PREVIEW OF EVENTS
Sagan and Ronald Sagdeev.
p.m. In the second Floor quium Series continues wttn
Gay and Lesbian Awareness Theater at the Junior College
L. Haugh from the University
Week continues with the of Albany. Tickets are $3.00
of Vermont. He will speak at
s c r e e n i n g o f " S i l e n t for the general public and
Financial A i d application Pioneers" Tuesday April 23 at $2.00 for students with an I.D. 4:15 p.m. on Friday, April 26.
deadline (or 1985-1986 is Fri- 8 p.m. In LC 18, and "Pink Call 445-1725 for reservations. International Celzn - Symday April 26. Contact the Triangle" from 7:30-10 p.m. in Muslca Femlna will be in con- posium will be held on TuesFinancial Aid office in AD 152. LC 5 on April 24. On Thursday, cert on Friday, April 26 at 8 day, April 23, 9:30 a.m. to 5
Fuerza Latina sponsors the April 25 Cabaret Night will be p.m. In RPI's Chapel and p.m. and April 24, 10 a.m. to 5
First Annual Hispanic Feast held from 7-11 p.m. in the Cultural Center. Tickets are p.m. sponsored by the Department of Germanic Languages.
Saturday, April 27 in the Cam- Patroon Lounge.
$3.00.
Department o l G e r m a n i c
pus Center Ballroom. Tickets J a w b o n e Reading Series
The
New
York
State
Museum
Languages sponsors a lecture
are $5.00 with a taxcard and presents Michael Blitz and
p
r
e
s
e
n
t
s
C
o
o
p
e
r
'
s
T
h
e
by Dr. Gunler Nantzschel on
$7.00 without. Call Fuerza Jodi Keene in the Humanities
Deerslayer at 1 and 3 p.m. on Thursday, April 25, at 4 p.m. in
Latina at 457-8651' for tickets.
lounge at noon on Thursday, Thursday, April 25. Admission
The Chosen by Choim Potck
Humanities 354.
April 25.
Is free.
will be presented by The
Physics Colloquium presents
Flame on Thursday, April 25 at Minority Women and Criminal "I'm Getting My Act Together Frank Jona, SUNY at Stony
8 p.m. In ED 121. Admission is Justice will be discussed on and Taking It On the Road" Is Brook, speaking on "Low
Thursday April 25th at noon in presented by Russell Sage Energy Electron Diffraction"
free.
the New York State Museum, Visual and Performing Arts
The Now York Slate Museum Concourse Level, meeting Department at 8 p.m. In the at 3 p.m. Friday, April 26.
presents "Breaking the Spell:' room C. The speaker will be Little Theater from Thursday, W o m e n ' s S t u d i e s a n d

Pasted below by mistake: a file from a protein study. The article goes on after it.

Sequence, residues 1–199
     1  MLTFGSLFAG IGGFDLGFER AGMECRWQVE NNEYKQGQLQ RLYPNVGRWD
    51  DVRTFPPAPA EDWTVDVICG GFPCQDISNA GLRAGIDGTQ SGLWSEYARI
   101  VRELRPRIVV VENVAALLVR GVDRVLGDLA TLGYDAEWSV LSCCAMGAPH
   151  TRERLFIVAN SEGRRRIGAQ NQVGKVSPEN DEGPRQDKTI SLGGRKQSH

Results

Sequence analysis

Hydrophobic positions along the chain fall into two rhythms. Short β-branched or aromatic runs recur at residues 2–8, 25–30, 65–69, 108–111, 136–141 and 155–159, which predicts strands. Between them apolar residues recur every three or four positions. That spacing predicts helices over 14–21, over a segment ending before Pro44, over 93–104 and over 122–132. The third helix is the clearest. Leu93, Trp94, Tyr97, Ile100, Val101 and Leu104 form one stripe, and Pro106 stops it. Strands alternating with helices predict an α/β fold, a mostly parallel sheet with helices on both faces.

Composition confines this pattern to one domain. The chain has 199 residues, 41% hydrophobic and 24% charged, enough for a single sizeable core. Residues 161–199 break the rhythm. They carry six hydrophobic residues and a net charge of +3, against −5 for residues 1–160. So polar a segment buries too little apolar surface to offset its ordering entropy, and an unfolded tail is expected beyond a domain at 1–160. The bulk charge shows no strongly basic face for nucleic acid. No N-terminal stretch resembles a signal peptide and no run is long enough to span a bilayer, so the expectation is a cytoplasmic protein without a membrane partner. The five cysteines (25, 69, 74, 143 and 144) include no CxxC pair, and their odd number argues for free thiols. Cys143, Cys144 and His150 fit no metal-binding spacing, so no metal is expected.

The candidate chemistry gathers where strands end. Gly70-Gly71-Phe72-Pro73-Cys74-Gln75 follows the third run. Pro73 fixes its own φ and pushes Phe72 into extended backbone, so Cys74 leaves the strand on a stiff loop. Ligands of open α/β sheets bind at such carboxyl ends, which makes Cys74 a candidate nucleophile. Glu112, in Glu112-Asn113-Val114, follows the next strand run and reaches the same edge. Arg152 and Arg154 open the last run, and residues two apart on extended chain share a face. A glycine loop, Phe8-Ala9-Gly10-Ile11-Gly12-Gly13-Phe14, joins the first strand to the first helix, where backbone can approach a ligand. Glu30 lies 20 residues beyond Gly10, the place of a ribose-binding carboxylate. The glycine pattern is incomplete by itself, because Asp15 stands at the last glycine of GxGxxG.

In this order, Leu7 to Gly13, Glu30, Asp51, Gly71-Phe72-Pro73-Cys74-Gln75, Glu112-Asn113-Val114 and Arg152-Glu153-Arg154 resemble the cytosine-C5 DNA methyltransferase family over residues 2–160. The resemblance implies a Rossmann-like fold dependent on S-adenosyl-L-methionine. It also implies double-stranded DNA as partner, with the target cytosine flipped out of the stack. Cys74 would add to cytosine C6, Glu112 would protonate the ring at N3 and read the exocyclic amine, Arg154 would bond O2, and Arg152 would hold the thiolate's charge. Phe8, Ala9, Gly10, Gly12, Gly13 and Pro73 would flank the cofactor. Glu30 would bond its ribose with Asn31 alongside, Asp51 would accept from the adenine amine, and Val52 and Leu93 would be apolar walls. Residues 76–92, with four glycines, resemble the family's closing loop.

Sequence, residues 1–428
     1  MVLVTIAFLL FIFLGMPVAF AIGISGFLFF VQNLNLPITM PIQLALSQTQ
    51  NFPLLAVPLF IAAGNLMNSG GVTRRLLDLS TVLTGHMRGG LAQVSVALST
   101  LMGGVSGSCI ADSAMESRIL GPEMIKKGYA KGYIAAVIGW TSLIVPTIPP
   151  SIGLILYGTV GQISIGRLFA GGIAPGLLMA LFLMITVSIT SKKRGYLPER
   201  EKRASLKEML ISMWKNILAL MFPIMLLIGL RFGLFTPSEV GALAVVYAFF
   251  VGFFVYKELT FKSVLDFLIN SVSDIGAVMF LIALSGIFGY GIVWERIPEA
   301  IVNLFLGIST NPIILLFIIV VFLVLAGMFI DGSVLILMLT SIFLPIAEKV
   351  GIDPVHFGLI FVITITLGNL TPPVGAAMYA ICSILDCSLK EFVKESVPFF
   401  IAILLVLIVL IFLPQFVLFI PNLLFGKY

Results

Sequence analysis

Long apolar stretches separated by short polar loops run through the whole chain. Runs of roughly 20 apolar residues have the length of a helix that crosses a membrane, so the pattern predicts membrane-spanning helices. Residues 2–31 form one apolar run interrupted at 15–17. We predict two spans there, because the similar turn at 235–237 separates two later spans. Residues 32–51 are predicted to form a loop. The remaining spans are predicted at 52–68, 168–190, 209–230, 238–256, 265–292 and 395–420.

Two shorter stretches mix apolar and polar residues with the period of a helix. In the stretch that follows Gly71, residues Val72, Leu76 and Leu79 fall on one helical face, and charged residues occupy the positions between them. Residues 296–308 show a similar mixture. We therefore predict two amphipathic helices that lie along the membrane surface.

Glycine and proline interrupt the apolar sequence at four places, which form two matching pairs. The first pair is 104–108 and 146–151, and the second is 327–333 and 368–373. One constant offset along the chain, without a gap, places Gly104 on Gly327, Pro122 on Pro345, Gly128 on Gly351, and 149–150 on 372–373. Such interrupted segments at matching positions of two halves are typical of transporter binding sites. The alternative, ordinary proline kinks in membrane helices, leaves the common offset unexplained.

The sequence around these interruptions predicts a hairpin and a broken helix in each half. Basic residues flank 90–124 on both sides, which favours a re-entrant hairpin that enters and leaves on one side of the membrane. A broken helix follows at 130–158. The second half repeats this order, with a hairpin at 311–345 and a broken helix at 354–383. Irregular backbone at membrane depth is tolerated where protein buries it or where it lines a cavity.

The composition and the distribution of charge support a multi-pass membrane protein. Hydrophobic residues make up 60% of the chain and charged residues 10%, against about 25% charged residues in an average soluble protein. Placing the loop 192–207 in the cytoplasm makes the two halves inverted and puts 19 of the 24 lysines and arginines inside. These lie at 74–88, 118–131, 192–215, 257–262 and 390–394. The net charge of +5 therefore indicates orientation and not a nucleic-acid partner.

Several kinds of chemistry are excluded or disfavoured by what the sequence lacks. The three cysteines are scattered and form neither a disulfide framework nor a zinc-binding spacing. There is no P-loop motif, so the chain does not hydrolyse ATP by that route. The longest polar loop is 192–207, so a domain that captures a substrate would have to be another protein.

A U.S./Sovlet Dialogue" on Alice Green. Call 474-3739 for April 25, through Saturday, Hispanic and Italian Studies
sponsor Carla Pasqulnella
Sunday April 28 from 1:30-4 further Information.
April 27. Tickets are $5.00 for speaking on "The Italian
p.m. "Breaking the spell".Is a "Rich and Famous" will be students.
Women's
Liberation Movetaped forum between U.S'. and . presented on Friday, April 26
ment". The Lecture will be
Soviet experts Including Carl and Saturday, April 27 at 8
Spring 1985 Statistics Collo- held on Tuesday, April 23,
STAFF i r n r E i
Thousands of demonstrators, including
approximately a dozen SUNYA students
and 150 members of the Albany community marched and rallied at the United States
Capitol in Washington Saturday to protest
the Reagan Administration's policies on
Central America, South Africa, the
Nuclear Arms race, and the military
budget.
The protest, which was organized by a
nationwide coalition called "April Actions
for Peace, Jobs, and Justice," was the
largest rally opposing Reagan's policics'in
his second term according to the
Washington Post.
The demonstration, which followed a
rally Friday night, concluded with
speeches by Reverend Jesse Jaskson, Rep.
John Conyers, and others, and culminated
with a sit-in blocking entrances to the
White House. Lobbying also took place on
Monday.
Students and many other groups marched, chanted, and carried signs, with
slogans such as "You can't hug your
children nuclear arms."
One demonstrator chained a 50 pound,
14 foot fiberglass copy of a Pershing II
missile on his back to emphasize the
nuclear threat and to symbolize "the
economic burden of the arms race."
Body found
not Wilson's;
investigation
to continue
" W e must end the contradictions of
funding the 'Contras,' trading with South
Africa, honoring the Nazis and reuniting
with the legacy of fascism," Jackson told
the crowd of about 45,000.
"This is a period of darkness and
madness, but there are still signs of life,"
he said.
Jackson applauded the students' protest
against^outh Africa at Columbia University saying, "They're moving away from
Yuppyism and moving toward sharing and
caring."
Conyers, who spoke after Jackson, said,
"This is a turning point in history...a
united people cannot be divided." he added, "Reagan is undermining national
security with his insane budget."
Other speakers included Sergio Samicnto of the National Union of Nicaraguan
Univesiiy Students, who thanked the